·   Reducing the cost of power through competitive process of capacity
          development.
      ·   Operationalising Open Access in Transmission and Distribution.
      ·   A clear-cut policy on management of subsidy and cross-subsidy encouraging
          renewable energy sources of generation.
      ·   A clear-cut direction on optimum utilization of captive plant capacity.
      ·   In nut-shell, Tariff Policy aims at ensuring that the consumers interests are
          protected in the best possible manner.

V.4   Tariff Based Competitive Bidding
Ø     The next policy instrument put in place, is comprehensive guidelines on
      competitive bidding for power project development. This was notified in January,
      2005.
Ø     The main objective of the competitive bidding guidelines is to see that the
      distribution companies get electricity at best possible price and thereby consumers
      get electricity at optimal tariff. This also aims at a transparent process of selection
      of project development.
Ø     Similar dispensation in Transmission segment was                also extended and
      comprehensive guidelines were issued in May 2006.

VI.   POSITIVE RESPONSES
Ø     Growth in electricity generation during Ninth Plan was 3% per annum. During last
      three years growth in electricity generation has been consistently above 5%.
      During April to October, 2005 growth rate recorded was 5.2%, against this during
      the same period in 2006-07 growth in generation has been 7.3%.
Ø     The Plant Load Factor (PLF) is an important measure of operational efficiency of
      thermal power plants. The PLF of the overall system has improved significantly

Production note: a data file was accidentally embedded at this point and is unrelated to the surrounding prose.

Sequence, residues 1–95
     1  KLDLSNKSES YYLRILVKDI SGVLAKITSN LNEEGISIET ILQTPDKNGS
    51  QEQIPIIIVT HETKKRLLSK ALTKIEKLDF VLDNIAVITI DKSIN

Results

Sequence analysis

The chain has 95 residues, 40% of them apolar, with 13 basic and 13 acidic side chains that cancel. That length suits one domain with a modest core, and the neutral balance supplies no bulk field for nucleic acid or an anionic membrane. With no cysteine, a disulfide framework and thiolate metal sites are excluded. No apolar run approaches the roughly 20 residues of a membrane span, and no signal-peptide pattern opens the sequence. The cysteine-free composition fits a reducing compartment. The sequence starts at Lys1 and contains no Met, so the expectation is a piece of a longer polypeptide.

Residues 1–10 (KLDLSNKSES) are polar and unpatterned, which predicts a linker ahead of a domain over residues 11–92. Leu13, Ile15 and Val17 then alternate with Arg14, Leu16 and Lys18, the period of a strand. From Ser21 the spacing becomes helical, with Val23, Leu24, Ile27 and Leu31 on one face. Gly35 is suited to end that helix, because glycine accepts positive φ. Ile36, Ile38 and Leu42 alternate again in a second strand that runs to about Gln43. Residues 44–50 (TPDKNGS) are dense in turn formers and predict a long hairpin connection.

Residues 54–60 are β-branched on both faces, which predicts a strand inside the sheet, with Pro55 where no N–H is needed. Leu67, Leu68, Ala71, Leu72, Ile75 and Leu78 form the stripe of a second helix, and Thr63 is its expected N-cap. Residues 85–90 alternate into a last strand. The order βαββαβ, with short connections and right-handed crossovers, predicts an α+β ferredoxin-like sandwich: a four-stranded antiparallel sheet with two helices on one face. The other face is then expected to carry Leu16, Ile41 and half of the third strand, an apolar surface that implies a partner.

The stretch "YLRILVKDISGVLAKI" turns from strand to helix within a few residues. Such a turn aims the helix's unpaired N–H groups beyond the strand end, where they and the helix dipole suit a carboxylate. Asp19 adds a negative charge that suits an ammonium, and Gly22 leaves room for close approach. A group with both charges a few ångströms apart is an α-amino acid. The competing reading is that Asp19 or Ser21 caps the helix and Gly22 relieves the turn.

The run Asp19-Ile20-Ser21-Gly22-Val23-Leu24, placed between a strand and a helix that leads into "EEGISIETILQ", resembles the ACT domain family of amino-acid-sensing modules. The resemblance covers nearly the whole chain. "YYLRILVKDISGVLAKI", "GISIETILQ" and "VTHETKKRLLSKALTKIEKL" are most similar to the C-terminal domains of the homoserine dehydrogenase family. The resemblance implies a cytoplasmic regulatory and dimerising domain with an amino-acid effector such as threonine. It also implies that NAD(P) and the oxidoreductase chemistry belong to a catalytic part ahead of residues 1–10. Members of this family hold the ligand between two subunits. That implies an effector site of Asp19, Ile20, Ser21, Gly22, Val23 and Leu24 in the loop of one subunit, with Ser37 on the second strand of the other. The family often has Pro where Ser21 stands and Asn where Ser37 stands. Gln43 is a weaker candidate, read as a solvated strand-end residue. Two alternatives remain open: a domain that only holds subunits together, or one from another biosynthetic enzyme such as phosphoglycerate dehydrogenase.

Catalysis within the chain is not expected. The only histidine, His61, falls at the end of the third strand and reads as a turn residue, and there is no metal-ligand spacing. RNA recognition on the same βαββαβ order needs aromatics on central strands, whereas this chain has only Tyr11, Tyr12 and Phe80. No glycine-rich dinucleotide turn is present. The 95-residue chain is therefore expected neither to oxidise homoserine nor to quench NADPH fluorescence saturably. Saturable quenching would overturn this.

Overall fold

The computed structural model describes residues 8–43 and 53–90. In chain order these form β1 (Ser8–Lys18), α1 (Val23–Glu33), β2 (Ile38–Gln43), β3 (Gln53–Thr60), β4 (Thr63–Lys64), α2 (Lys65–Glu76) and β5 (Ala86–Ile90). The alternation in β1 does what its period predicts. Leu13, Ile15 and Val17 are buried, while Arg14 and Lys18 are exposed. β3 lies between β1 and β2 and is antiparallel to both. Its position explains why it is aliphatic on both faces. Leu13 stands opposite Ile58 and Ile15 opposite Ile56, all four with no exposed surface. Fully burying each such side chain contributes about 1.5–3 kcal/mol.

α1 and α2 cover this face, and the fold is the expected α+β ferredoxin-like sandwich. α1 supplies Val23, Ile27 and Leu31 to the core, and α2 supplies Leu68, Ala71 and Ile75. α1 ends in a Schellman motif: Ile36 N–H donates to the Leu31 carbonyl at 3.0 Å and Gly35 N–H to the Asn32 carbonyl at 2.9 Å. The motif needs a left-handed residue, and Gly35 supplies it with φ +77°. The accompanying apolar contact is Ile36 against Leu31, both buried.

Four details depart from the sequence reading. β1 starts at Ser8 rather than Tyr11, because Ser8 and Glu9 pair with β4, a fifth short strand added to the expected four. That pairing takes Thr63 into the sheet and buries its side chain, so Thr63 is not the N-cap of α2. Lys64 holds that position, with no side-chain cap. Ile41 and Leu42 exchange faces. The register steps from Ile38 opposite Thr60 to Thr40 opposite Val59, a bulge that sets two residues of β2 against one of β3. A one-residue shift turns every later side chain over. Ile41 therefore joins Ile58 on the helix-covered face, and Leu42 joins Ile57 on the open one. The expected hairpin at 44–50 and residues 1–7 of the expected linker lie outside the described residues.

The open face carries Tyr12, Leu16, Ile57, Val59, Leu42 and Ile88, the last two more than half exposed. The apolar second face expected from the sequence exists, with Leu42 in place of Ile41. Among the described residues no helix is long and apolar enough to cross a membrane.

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    from 64.6% in 1998-99 to 75 % now. Thus, implying a secular improvement in
    efficiency in generation.
Ø   Inter regional connectivity has been planned with hybrid system consisting of
    HVDC, Ultra high voltage AC (765KV) and Extra high voltage AC (400KV) lines.
    The present Inter Regional capacity is 11,500 MW and projects in hand indicate
    that this capacity would be enhanced to 30,000 MW by 2012.
Ø   There has been a revival of interest in generation following the enactment of the
    Electricity Act. Provisions for open access have effectively taken care of concern
    of developers regarding payment security as it enable them to find alternative
    consumers across India who would be prepared to pay for the electricity in case
    their tariffs were competitive.
Ø   Payment by electricity utilities whether in public / private sector to generation or
    transmission companies is no longer a concern any more. In last four years 100%
    payment of bills is being ensured by district utilities all over the country.
Ø   The distribution reforms have remained the key focus area for quite some time
    now. A number of measures have been taken to improve financial health of State